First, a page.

The Lemonheads’ membership roll reads like a Mormon genealogy, and the styles the band has embraced over the past 20 years defy categorization. Through it all — from punk yelps and jangle-pop to classic-sounding rock — the one constant has been Evan Dando, a drug-glazed cover boy who’s also a somewhat triumphant survivor. The Lemonheads’ new album, Varshons, was inspired by the Butthole Surfers’ Gibby Haynes, who sent mixtapes to Dando filled with rootsy folk, fuzzy psych-rock, electro-pop, murder ballads and a duet with Liv Tyler on Leonard Cohen’s “Hey, That’s No Way to Say Goodbye.” Even by Dando’s standards, Varshons is the Lemonheads at their scattershot best. Filmstrip opens at 7:30 p.m. at the Grog Shop (2785 Euclid Heights Blvd., Cleveland Hts., 216.321.5588). Tickets: $15. — Brian Baker
Arthur “Ace” Enders might be one of the hardest working, and most approachable, artists in indie music today. If he’s not giving away albums like The Secret Wars as a free digital download, he’s doing live chats, making fans photographers for the day and releasing ambitious triple-disc endeavors like The Mother, the Mechanic and the Path (with his old band, emotive punks the Early November). He’s now sweeping the country as part of the BBQ Across America Tour featuring Ace Enders. If you preorder tickets to the concert, you’ll be invited to a pre-show BBQ, where Enders will actually cook for you — burgers, hot dogs, chicken — before showcasing his newest and best album, When I Hit the Ground. “I’ve wanted to do it for years now,” he says. “I’ve always wanted to incorporate something where people can just hang out in a laid-back environment. And I love to barbeque. Every man has a love for something — mine happens to be grilling.” After the foodfest, Enders’ band will take the stage and blast through tunes like “Reaction” and “Sweeter Light,” gorgeous power-pop anthems that far surpass the bratty faux-punk sounds of groups like New Found Glory, Finch and, yes, the Early November. As always, the style of the live experience will be up to the crowd. “Some nights we’ll get up there ready to rock and blow people’s heads off,” says Enders. “Some nights it’s more of a classy affair with a cool vibe — people just sing along and hang out. It’s all based on what the crowd is doing. If the crowd is relaxed, we’re relaxed. If the crowd is crazy, we’ll go crazy.” Person L, My Favorite Highway and the Dangerous Summer open at 7 p.m. at the Grog Shop (2785 Euclid Heights Blvd., Cleveland Hts., 216.321.5588). Tickets: $10 advance, $12 day of show. — Keith Gribbins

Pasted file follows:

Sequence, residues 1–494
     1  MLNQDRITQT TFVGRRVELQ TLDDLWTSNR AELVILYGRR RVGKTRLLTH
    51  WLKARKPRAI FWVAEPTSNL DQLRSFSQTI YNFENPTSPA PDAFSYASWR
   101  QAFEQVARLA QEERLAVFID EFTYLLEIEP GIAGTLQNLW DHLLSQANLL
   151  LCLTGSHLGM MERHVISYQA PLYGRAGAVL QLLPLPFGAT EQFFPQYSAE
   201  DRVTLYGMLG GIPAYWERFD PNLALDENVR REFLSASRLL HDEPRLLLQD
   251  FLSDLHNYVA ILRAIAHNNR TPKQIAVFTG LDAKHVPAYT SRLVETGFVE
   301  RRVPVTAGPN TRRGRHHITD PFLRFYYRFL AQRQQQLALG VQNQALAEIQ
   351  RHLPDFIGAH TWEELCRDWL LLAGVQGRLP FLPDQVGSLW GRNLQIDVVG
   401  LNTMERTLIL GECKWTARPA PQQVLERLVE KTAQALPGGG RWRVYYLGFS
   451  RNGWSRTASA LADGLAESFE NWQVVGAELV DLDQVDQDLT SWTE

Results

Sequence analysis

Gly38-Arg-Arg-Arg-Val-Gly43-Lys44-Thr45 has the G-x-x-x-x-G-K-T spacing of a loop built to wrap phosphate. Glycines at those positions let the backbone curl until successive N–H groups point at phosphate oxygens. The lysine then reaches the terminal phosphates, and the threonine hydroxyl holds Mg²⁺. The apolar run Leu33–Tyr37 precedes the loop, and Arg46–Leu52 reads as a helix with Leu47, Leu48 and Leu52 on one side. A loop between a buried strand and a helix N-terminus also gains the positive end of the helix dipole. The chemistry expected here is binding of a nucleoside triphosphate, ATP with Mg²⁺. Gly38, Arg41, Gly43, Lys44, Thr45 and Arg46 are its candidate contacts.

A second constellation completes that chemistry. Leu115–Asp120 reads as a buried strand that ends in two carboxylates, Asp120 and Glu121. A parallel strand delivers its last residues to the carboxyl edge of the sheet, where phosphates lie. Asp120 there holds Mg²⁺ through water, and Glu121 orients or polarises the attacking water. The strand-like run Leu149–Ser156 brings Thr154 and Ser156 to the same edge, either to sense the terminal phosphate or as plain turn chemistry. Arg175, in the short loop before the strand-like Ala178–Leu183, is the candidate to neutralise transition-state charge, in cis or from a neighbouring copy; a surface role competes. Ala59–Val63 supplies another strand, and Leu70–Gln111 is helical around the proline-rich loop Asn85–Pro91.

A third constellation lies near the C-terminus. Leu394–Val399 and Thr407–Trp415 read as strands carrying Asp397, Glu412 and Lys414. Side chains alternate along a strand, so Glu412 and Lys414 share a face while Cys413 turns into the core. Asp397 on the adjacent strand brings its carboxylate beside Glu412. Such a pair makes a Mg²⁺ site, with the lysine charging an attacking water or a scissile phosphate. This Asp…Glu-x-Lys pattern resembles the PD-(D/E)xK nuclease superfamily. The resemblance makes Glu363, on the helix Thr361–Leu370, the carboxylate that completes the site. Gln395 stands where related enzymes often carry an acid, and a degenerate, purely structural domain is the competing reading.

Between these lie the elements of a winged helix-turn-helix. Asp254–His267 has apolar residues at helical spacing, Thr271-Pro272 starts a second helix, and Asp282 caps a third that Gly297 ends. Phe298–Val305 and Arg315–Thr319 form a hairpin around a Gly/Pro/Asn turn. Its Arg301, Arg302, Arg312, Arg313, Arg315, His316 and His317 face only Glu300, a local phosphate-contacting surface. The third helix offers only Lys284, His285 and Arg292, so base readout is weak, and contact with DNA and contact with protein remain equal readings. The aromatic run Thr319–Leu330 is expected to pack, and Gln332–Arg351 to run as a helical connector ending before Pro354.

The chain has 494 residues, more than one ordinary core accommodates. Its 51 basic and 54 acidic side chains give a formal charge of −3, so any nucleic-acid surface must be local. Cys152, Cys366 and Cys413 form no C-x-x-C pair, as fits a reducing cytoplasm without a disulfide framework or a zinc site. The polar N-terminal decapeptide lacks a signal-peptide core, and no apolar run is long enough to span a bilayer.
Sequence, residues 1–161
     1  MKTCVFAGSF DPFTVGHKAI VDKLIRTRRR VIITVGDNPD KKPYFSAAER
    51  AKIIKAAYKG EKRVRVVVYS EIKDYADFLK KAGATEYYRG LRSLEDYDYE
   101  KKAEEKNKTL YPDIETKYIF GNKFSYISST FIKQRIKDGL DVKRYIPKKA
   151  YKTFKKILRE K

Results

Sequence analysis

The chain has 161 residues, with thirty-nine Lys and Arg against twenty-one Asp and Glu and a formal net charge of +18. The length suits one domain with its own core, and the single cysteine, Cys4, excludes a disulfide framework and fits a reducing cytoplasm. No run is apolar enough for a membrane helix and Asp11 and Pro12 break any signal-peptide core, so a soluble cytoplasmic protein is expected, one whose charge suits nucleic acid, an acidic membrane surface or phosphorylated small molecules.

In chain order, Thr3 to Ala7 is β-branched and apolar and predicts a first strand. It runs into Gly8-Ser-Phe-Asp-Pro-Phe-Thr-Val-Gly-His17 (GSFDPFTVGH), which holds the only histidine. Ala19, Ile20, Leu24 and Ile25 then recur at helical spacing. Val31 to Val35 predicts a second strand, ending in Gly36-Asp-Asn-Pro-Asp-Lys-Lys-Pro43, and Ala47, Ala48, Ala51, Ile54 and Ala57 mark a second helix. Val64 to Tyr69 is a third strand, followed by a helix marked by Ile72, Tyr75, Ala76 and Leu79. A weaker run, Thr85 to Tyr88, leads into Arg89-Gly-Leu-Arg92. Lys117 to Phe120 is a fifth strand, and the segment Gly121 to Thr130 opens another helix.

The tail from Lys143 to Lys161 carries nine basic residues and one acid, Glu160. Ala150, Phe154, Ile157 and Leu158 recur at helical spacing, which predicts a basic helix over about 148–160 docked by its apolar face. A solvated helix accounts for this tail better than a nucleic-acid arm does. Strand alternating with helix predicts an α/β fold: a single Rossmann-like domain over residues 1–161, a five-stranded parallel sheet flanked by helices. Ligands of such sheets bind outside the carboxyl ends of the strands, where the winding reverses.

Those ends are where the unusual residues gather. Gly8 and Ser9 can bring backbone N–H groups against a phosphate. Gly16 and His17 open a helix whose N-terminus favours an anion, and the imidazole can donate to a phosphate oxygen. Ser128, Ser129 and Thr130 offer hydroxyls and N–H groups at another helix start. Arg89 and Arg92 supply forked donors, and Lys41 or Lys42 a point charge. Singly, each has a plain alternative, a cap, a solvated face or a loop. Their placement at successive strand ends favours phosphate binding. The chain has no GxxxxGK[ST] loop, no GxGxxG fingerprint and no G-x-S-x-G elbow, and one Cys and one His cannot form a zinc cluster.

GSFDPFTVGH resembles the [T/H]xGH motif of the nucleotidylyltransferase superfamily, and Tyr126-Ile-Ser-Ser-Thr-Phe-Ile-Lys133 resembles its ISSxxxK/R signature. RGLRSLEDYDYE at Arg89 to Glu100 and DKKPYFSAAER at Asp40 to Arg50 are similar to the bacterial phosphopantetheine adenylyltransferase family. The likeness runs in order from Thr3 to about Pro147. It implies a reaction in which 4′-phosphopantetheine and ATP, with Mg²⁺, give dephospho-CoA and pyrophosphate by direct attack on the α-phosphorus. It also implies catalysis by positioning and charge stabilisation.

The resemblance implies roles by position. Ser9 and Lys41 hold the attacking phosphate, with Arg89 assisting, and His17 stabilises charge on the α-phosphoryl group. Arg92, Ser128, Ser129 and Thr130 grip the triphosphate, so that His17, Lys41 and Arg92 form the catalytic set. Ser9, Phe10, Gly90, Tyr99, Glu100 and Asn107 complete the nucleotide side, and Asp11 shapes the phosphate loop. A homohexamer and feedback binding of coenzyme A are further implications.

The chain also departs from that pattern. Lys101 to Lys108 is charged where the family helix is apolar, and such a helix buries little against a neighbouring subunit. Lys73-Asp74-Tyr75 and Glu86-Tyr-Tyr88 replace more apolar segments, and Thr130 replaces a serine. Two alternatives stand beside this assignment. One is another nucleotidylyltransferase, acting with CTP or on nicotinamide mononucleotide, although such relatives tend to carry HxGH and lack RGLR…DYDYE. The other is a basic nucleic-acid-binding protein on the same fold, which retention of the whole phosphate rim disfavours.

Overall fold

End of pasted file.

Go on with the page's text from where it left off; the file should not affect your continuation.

It’s another crazy-busy June weekend, what with festivals like the Larchmere Porchfest and BigCoolCats at Cain Park, Gay Pride and the Summer Solstice party celebrating the opening of the Cleveland Museum of Art’s new wing. But if you’re seeking peace — a peaceful evening benefiting the area peace movement — there’s a laid-back evening of coffeehouse music from 6-9 p.m. tomorrow at St. Paul’s Community Church (4427 Franklin Ave.). The Cleveland Nonviolence Network, the Network of Spiritual Peace Activists and Artists for Peace are sponsoring the evening on behalf of the eighth annual Peace Show, taking place at the Free Stamp at East 9th and Lakeside on Labor Day, Monday, September 7. Four veteran area performers will offer up their acoustic music on behalf of the cause — alternative folk artist John McGrail who has released numerous albums in the last two decades, singer/songwriter/theatrical music director Evie Morris, hammered dulcimer folk/bluegrass player Ian Heisey, and one of the Peace Show’s founders, Tim Smith, whose music is in a classic ’70s folk vein (Cat Stevens, James Taylor). There is no admission; a freewill offering will be taken. The Peace Show, a free event designed to counter the militaristic message of the National Air Show taking place at Burke Lakefront Airport at the same time, features music, speakers, information tables, kids’ activities and crafts. — Anastasia Pantsios